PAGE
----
4. What happens if my child is Spectrum qualified, but is not in a Spectrum class (e.g. on the wait list or in Kindergarten)?

      This situation already exists and is one of the reasons why we are moving to a new service delivery model.  Students in this situation will now have more like-learners in their class and can move at the pace they need to through small group work.  Teachers can differentiate and group students with the best learning partners for the tasks at hand.

      A student who becomes eligible as AL (Advanced Learner/Spectrum) or HC (Highly Capable) through the Seattle Schools eligibility process retains their eligibility throughout their continuous SPS K-12 career.  However, a student who is not enrolled in either a Spectrum or HCC program and wishes to be must apply during the Open Enrollment period. HC students are guaranteed an HCC spot. Spectrum seats are limited.

      Even though our service model has changed to actually have the Spectrum designation, you need to request 'Whittier, Spectrum' on the enrollment form and receive confirmation that it was granted.  Enrollment Services determines how many students will receive the designation.  This hasn't changed and while it's less of an issue given our new service model, you might want that designation for middle school.

    5. Is there another school I could consider for a Spectrum class in the way we have had it at Whittier?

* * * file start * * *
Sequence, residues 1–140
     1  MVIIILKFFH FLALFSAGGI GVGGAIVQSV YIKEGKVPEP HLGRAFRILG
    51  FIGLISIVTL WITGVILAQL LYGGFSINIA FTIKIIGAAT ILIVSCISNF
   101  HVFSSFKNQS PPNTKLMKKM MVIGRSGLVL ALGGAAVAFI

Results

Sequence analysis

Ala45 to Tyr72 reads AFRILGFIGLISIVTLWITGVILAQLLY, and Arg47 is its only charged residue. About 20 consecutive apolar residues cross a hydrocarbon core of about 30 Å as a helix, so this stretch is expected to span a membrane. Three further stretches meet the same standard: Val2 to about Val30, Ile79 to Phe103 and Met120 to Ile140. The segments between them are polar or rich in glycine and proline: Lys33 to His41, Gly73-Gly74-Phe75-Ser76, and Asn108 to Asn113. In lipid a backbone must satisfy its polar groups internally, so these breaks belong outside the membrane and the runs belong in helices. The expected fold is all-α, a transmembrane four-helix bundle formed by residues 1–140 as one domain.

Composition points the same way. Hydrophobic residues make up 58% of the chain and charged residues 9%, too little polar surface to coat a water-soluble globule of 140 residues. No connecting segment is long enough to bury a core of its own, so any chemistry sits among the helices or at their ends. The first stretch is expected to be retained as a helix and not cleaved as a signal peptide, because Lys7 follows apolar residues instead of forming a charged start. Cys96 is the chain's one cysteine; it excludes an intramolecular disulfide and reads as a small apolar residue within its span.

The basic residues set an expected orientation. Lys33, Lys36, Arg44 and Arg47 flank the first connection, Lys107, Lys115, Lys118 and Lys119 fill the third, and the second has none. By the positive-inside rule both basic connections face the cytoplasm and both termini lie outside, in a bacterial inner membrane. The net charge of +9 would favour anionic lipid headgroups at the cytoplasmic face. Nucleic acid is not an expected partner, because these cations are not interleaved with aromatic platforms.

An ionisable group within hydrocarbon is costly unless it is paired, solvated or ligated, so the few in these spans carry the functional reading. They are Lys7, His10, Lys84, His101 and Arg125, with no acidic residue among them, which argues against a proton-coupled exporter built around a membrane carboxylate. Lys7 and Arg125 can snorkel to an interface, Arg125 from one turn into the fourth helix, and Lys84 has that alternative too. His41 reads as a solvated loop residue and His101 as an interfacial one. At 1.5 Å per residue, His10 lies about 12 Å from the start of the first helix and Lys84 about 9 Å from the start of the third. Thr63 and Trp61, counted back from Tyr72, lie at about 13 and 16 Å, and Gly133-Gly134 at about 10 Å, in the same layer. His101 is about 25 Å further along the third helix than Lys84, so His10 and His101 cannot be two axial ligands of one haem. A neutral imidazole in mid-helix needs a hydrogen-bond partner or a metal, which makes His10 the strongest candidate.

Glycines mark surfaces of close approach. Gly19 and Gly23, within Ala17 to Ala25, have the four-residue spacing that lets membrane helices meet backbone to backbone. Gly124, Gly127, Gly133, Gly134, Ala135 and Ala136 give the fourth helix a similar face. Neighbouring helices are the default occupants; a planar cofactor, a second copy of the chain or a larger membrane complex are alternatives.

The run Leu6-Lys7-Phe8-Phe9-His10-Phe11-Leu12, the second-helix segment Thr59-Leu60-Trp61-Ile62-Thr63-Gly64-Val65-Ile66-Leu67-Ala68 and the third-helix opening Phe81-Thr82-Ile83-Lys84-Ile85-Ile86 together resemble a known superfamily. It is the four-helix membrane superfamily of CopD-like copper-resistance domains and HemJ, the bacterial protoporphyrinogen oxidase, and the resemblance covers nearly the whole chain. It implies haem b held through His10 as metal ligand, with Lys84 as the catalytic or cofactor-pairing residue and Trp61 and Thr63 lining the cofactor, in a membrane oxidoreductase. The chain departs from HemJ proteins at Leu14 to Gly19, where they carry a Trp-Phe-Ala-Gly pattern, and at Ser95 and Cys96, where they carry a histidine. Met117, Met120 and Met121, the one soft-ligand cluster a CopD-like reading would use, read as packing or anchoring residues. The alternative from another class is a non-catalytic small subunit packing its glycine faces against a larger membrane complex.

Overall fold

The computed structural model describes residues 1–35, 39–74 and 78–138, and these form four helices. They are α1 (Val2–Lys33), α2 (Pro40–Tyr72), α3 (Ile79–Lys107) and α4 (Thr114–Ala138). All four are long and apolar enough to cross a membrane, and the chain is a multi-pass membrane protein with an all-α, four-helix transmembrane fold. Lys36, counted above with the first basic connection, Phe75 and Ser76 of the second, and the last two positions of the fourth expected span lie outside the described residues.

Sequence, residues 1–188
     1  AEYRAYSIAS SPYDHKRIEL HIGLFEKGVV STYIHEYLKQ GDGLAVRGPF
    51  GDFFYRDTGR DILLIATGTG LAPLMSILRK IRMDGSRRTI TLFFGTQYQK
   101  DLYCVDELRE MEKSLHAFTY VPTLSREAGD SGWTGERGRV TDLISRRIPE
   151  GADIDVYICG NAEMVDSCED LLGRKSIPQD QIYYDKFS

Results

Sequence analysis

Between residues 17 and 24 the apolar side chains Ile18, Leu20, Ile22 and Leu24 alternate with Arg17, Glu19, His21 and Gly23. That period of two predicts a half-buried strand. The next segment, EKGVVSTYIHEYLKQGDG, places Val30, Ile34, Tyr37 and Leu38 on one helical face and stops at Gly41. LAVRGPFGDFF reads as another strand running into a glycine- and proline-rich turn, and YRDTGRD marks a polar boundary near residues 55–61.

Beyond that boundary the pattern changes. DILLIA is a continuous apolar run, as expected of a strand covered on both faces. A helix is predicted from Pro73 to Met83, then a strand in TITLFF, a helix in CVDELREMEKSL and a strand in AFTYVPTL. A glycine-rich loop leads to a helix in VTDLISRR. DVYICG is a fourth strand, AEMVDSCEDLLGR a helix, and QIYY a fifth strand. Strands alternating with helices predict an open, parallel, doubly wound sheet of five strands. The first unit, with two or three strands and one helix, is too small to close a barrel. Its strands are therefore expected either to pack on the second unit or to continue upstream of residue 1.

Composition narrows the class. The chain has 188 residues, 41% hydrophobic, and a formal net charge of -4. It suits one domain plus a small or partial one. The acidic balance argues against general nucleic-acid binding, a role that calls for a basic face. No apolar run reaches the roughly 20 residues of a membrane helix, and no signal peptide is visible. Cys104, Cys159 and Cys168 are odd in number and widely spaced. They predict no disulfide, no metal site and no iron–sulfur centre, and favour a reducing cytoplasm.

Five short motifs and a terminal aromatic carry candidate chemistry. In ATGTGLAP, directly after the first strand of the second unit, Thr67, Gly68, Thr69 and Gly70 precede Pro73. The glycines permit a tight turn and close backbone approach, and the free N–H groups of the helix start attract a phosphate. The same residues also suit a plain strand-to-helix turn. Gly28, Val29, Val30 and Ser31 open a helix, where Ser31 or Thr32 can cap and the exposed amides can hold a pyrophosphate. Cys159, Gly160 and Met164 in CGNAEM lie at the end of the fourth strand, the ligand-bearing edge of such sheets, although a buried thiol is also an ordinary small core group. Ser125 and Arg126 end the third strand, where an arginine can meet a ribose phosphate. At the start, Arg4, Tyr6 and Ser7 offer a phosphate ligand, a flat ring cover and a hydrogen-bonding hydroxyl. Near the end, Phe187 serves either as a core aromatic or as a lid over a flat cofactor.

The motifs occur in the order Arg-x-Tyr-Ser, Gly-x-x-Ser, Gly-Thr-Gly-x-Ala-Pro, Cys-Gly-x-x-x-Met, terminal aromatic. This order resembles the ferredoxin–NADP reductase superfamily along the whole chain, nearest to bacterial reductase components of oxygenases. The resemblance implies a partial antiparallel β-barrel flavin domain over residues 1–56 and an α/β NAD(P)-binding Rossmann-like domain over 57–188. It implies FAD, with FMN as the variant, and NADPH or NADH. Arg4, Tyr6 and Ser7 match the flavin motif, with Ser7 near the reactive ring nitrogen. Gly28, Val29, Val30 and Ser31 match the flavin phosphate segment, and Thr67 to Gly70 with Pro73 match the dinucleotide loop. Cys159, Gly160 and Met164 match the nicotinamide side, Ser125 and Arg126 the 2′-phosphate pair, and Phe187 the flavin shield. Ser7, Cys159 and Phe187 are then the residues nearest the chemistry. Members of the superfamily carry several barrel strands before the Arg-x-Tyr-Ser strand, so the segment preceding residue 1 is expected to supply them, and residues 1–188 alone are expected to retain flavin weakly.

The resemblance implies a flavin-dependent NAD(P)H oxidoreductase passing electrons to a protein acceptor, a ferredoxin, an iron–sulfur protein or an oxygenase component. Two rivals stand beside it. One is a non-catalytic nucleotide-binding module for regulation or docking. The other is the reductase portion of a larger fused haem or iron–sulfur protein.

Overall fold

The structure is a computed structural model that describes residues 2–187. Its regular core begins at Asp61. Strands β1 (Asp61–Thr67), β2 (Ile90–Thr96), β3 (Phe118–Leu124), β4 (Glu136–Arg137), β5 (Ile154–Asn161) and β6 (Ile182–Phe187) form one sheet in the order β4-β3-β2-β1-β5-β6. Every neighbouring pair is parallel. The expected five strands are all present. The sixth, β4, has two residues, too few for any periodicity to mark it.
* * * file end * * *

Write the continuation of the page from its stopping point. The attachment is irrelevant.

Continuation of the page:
No. Next year there will not be any elementary schools with self-contained programs. Whittier and Lafayette Elementary (West Seattle) were the only schools still providing a self-contained experience.  Both schools are moving to a blended model next year. If your child qualifies for HCC, there is the option of requesting Cascadia, which is a school entirely for students who qualify for HCC. Please be aware of school choice form deadlines.

    6. Why are we changing the service model for Spectrum at Whittier?

      We want to be able to provide more opportunities for all kids at Whittier. Students need to work with a range of peers while still being offered the proper challenge for any given lesson. The self-contained model is antiquated and only provides services to a small group of students, whereas, a blended model increases opportunities and benefits all students.  We have experienced a number of challenges around equity using the self-contained model.  It limits students' ability to interact on a daily basis both socially and academically. It also restricts opportunities for teacher collaboration and the ability to create a well-balanced master schedule.

      In addition, every school is now required to address how they will serve advanced learners in their school improvement plan (C-SIP).  Changing our service model puts us more aligned with all the other schools in the district.  Spectrum and ALO have become synonymous and by changing our model, we can provide advanced learning opportunities for all kids, whether they have the designation or not. 

    7. Who should I contact to get my questions answered about Spectrum at Whittier?

      The best contact is Principal Schweitzer who can be reached at